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Illustration: Aïda Amer/Axios

The tightening labor market is opening up new opportunities for an overlooked cohort of American workers: those over age 50.

Why it matters: Ageism has long persisted within American companies, and studies have shown that workers over 50 often get turned away from jobs even if they've got the right qualifications. But the tide may be turning.

The big picture: As societies age, the older population will become increasingly key to global economic growth, both as workers and as consumers.

  • "Nearly all of the employment growth in the G7 is coming from older workers," says Andrew Scott, an economist at London Business School.
  • In the U.S., people over 50 make up $8 trillion of consumer demand, according to AARP.

What's happening: The collision of demographic and employment trends is pushing firms to adapt. "There's a lot of discrimination to overcome, but with a tight labor market and fewer younger workers, it's beginning to change," Scott says.

  • Employment in the U.S. has risen by 22 million since 1998 — and workers over 55 account for 90% of that surge, Quartz reports.
  • The growth is occurring at the high-skill and low-skill ends of the spectrum, Scott says.
  • For example, last year, McDonald's announced a partnership with AARP to hire 250,000 older workers.

Yes, but: While well-paid professionals may enjoy working later in life, many people at the lower end of the spectrum remain in the workforce because they cannot afford to retire, says Scott.

  • And the picture is not entirely rosy. Many older Americans perceive that they lost their jobs due to ageism, and more are taking legal action.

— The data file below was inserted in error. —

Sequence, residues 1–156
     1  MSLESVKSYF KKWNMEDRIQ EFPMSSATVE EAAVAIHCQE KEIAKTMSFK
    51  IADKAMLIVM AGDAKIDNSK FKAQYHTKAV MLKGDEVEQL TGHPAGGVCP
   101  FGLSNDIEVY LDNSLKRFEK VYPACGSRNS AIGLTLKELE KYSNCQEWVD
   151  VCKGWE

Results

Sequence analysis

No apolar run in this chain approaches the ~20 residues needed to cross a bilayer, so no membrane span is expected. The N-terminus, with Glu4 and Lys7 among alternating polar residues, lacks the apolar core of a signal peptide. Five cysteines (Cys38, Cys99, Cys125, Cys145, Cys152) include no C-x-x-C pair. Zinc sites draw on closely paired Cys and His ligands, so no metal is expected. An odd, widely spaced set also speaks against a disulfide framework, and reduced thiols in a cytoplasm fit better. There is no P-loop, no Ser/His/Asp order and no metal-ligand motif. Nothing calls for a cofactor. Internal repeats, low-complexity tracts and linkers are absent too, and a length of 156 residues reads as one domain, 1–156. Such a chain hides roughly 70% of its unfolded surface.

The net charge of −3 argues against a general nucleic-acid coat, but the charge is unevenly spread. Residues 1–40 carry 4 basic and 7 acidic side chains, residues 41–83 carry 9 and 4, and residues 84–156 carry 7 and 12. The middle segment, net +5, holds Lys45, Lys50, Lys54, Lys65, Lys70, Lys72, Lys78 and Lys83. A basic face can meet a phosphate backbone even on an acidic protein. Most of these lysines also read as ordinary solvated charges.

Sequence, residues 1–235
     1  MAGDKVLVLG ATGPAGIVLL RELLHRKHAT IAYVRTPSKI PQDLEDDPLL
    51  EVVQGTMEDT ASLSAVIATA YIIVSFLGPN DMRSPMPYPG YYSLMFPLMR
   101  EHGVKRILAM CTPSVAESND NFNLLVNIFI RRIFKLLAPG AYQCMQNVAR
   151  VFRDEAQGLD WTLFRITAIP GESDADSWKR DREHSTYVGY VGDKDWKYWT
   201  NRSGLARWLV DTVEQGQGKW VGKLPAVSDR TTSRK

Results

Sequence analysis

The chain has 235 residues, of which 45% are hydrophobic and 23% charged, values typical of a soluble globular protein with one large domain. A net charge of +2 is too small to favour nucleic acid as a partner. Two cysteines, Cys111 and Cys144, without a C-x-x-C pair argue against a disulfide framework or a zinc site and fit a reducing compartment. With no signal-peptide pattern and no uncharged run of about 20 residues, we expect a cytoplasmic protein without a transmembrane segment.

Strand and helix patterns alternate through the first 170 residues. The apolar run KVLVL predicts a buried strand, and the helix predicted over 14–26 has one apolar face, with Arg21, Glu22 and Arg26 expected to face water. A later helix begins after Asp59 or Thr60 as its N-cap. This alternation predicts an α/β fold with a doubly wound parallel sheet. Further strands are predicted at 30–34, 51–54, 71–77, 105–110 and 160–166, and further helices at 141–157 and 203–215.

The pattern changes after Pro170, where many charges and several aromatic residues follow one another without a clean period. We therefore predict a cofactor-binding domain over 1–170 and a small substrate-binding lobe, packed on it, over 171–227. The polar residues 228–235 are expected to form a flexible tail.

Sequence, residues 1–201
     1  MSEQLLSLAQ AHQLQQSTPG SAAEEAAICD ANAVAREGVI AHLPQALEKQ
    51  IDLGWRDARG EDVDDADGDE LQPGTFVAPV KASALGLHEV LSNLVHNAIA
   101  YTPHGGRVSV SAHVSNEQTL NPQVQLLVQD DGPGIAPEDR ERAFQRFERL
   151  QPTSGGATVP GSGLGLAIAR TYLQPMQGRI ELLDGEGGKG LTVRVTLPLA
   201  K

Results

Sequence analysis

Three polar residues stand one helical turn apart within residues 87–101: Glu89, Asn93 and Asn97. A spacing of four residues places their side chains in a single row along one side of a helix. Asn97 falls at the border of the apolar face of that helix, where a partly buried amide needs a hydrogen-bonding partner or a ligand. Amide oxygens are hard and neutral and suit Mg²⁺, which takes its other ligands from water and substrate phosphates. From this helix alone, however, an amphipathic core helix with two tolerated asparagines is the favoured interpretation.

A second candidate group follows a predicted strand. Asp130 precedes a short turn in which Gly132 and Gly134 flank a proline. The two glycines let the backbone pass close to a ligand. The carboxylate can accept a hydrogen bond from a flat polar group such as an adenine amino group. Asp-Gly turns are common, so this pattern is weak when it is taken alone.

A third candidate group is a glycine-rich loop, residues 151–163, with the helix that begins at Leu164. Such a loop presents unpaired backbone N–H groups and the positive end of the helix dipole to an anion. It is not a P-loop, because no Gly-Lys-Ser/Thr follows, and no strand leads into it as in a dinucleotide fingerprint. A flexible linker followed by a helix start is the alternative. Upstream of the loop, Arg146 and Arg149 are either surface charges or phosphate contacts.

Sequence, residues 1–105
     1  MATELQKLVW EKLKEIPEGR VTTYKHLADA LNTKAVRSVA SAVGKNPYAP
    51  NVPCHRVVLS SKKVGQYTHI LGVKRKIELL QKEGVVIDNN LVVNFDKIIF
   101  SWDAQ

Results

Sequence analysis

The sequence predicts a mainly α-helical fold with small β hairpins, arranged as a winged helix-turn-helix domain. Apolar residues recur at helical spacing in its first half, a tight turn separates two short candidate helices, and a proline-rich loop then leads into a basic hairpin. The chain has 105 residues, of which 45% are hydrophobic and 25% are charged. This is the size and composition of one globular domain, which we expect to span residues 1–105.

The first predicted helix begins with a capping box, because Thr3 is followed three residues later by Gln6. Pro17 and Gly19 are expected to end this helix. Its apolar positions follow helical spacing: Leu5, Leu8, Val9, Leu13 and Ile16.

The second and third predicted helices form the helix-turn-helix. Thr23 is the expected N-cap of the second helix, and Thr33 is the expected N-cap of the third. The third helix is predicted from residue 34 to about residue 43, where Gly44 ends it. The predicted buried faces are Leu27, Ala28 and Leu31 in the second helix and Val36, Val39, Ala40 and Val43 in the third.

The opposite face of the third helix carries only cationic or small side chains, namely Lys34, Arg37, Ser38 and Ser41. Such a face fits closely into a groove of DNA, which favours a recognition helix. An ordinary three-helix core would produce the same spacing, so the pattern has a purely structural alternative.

• In the last year, top firms like Citibank, IBM and IKEA have fielded age-related lawsuits, per Forbes.

The bottom line: "We've ignored how aging is changing," Scott says. "People are aging better than in the past, on average, and that's a fantastic opportunity."

  • But "a lot of American businesses have not adjusted themselves to how to take advantage of this as opposed to looking at it as a negative," Carl Van Horn, a professor of public policy at Rutgers University, tells Axios.

Go deeper: When automation and aging collide

Go deeper

Tech scrambles to derail inauguration threats

Illustration: Sarah Grillo/Axios

Tech companies are sharing more information with law enforcement in a frantic effort to prevent violence around the inauguration, after the government was caught flat-footed by the Capitol siege.

Between the lines: Tech knows it will be held accountable for any further violence that turns out to have been planned online if it doesn't act to stop it.

Dave Lawler, author of World
2 hours ago - World

Uganda's election: Museveni declared winner, Wine claims fraud

Wine rejected the official results of the election. Photo: Sumy Sadruni/AFP via Getty

Yoweri Museveni was declared the winner of a sixth presidential term on Saturday, with official results giving him 59% to 35% for Bobi Wine, the singer-turned-opposition leader.

Why it matters: This announcement was predictable, as the election was neither free nor fair and Museveni had no intention of surrendering power after 35 years. But Wine — who posed a strong challenged to Museveni, particularly in urban areas, and was beaten and arrested during the campaign — has said he will present evidence of fraud. The big question is whether he will mobilize mass resistance in the streets.

Off the Rails

Episode 1: A premeditated lie lit the fire

Photo illustration: Sarah Grillo/Axios. Photo: Chip Somodevilla/Getty Images

Beginning on election night 2020 and continuing through his final days in office, Donald Trump unraveled and dragged America with him, to the point that his followers sacked the U.S. Capitol with two weeks left in his term. Axios takes you inside the collapse of a president with a special series.

Episode 1: Trump’s refusal to believe the election results was premeditated. He had heard about the “red mirage” — the likelihood that early vote counts would tip more Republican than the final tallies — and he decided to exploit it.

"Jared, you call the Murdochs! Jason, you call Sammon and Hemmer!”